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How to Make the World Add Up - Tim Harford ****

Many UK listeners will be familiar with the BBC's excellent More or Less radio show, hosted by the Financial Times' 'undercover economist' Tim Harford. The programme takes on numbers in the news to explain them and, where necessary, show what's wrong with them, in a light but informative fashion. The only slight problem with the programme is that it does tend towards silly presentation styles (though the last couple of years these have been toned down). On his own, Tim Harford is perhaps less fun and more serious in style, but remains approachable on a subject that most of us ought to understand better.

One of the most enjoyable things in the field is to shoot down misuse of stats. It's certainly an important thing to do, but Harford points out that only doing this, while entertaining, is potentially dangerous as it may lead to a total detachment from the usefulness of statistics. Instead, he suggests, we need to get better about thinking about the numbers we are bombarded with in our lives, so that we can most sensibly make use of what we are being told.

The approach in the book, in the fashionable 'ten rules' style, gives us a series of statistical 'commandments' such as being aware of our emotional response to data to avoid simply reacting based on emotion, or finding appropriate context, or being aware that facts can change. For each of the ten we are given examples, mostly historical, though all interesting. It's a shame in a way that the book was finished in March, so we get a few initial thoughts on by far the biggest statistical impact on lives in 2020 - the coronavirus pandemic - but it was too soon to have in-depth examples from this.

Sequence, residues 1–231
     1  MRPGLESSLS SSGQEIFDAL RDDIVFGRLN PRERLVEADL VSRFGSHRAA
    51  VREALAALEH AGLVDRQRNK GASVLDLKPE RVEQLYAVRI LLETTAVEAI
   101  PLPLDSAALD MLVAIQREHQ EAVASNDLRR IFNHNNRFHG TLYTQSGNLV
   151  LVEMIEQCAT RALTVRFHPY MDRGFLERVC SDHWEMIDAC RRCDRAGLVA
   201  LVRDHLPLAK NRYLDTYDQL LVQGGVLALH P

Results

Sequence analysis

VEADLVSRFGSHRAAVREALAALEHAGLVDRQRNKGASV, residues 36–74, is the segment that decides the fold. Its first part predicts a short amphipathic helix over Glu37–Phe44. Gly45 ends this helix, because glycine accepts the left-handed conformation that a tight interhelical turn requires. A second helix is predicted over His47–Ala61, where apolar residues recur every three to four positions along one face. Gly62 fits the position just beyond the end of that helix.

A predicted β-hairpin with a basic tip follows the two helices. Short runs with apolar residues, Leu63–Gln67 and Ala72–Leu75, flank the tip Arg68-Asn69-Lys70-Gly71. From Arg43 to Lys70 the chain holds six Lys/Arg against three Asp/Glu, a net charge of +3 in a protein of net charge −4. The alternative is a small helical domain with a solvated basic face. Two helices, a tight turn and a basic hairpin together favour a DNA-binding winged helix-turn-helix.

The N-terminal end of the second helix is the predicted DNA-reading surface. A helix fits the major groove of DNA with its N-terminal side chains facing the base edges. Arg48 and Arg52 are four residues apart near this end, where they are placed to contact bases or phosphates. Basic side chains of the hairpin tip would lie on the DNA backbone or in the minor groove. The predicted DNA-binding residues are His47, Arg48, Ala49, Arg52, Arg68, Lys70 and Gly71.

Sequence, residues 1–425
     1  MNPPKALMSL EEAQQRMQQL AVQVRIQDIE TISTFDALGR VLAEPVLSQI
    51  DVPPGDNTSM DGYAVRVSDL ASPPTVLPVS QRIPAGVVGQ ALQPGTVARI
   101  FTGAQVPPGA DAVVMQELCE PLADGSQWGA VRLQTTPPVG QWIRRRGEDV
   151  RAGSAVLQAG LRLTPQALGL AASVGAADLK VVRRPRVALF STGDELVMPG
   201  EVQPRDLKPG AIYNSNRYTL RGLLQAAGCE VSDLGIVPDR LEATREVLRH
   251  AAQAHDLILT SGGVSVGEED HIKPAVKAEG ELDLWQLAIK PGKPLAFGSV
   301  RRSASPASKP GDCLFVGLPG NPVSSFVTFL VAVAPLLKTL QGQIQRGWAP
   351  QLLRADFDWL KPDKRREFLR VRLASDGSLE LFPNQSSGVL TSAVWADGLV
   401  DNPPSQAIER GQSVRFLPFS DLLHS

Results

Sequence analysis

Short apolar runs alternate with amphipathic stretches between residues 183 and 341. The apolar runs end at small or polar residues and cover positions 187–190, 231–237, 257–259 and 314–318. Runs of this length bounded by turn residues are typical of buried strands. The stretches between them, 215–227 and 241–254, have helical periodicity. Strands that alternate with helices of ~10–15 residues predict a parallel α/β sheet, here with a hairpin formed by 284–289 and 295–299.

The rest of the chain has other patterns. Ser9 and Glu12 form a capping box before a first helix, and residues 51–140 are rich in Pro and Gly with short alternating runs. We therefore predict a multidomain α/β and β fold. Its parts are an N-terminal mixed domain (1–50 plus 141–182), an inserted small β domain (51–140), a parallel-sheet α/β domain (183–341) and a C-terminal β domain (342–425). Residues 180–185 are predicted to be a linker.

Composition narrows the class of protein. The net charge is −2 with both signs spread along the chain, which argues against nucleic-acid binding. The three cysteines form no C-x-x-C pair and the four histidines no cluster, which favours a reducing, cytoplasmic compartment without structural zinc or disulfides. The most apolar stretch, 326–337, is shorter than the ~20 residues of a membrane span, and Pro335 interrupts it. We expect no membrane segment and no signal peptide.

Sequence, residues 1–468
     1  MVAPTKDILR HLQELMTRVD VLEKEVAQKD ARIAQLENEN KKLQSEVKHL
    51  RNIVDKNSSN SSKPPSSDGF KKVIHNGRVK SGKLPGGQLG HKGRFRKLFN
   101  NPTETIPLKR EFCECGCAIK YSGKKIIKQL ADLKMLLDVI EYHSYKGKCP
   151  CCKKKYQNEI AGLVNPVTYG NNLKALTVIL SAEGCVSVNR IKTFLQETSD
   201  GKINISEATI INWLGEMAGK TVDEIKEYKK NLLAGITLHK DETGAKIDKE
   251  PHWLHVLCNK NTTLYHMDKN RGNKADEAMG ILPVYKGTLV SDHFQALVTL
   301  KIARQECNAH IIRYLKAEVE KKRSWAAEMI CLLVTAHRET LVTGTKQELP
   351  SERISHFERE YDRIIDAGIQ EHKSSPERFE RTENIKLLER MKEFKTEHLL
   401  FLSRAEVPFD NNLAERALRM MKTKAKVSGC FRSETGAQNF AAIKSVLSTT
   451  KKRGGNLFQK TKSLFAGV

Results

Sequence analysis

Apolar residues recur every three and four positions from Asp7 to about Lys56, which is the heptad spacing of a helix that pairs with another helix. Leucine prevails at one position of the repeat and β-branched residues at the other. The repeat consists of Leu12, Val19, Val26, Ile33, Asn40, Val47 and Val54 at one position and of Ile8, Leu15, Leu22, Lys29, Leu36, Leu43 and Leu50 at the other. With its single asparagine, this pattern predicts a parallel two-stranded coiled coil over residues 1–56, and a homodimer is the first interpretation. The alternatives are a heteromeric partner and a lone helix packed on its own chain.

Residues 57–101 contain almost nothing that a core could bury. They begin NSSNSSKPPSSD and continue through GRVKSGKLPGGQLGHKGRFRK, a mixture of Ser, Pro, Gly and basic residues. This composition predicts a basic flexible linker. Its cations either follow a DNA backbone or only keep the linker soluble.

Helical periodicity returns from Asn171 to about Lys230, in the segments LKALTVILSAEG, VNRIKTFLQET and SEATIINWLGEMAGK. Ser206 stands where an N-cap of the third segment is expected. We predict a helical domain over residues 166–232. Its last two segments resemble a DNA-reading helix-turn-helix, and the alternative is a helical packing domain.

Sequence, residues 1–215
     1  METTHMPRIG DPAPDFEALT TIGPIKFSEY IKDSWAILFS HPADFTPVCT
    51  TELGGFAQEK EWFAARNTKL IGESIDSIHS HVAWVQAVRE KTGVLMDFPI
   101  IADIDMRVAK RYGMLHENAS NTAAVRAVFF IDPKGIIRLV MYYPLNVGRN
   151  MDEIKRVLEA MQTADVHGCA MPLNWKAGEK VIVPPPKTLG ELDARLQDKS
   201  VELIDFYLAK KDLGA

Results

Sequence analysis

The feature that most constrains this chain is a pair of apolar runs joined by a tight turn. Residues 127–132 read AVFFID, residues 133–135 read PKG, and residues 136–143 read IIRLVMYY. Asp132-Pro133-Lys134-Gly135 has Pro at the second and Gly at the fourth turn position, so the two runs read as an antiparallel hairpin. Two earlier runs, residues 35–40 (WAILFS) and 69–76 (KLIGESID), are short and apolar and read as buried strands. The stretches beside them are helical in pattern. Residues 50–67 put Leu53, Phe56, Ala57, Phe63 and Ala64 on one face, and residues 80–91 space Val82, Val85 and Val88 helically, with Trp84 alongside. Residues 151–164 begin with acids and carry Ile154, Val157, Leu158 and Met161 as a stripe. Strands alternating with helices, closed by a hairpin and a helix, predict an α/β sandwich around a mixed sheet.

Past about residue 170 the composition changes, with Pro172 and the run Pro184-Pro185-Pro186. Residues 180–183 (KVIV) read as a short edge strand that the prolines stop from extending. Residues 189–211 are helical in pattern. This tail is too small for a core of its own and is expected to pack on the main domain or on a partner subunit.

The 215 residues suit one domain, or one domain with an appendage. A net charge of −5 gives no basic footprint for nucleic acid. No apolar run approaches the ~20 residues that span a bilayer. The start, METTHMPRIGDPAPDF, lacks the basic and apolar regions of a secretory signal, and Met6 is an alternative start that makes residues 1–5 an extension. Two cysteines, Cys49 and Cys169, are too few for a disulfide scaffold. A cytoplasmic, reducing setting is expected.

In the final chapter, Harford condenses all his commandments in New Testament style into simpler guidance that encompasses the rest - be curious. It is curiosity that inspires us to explore the statistics we are given - and to question them effectively when they need questioning, rather than simply dismissing them as fake news or accepting them as indisputable fact.

If you want guidance on what's really happening in the numbers we see, it's impossible to beat David Spiegelhalter's magisterial The Art of Statistics. But if you want to discover the best mindset to appreciate statistics, make the most of them and find where it's necessary to ask more and doubt the outcome, then Harford, through How to Make the World Add Up, is an ideal guide.

I'm reminded in a way of Brian Cox's popular science titles written with Jeff Forshaw, such as The Quantum Universe. If the fans of Cox's fluffy TV documentaries were to pick up one of these books (as no doubt many did), they would find it a lot harder going that the TV shows, but more intellectually rewarding. There's not quite such a disparity between Harford's book and More or Less - but listeners will find it less of an educational entertainment and more of an educative read.

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Review by Brian Clegg


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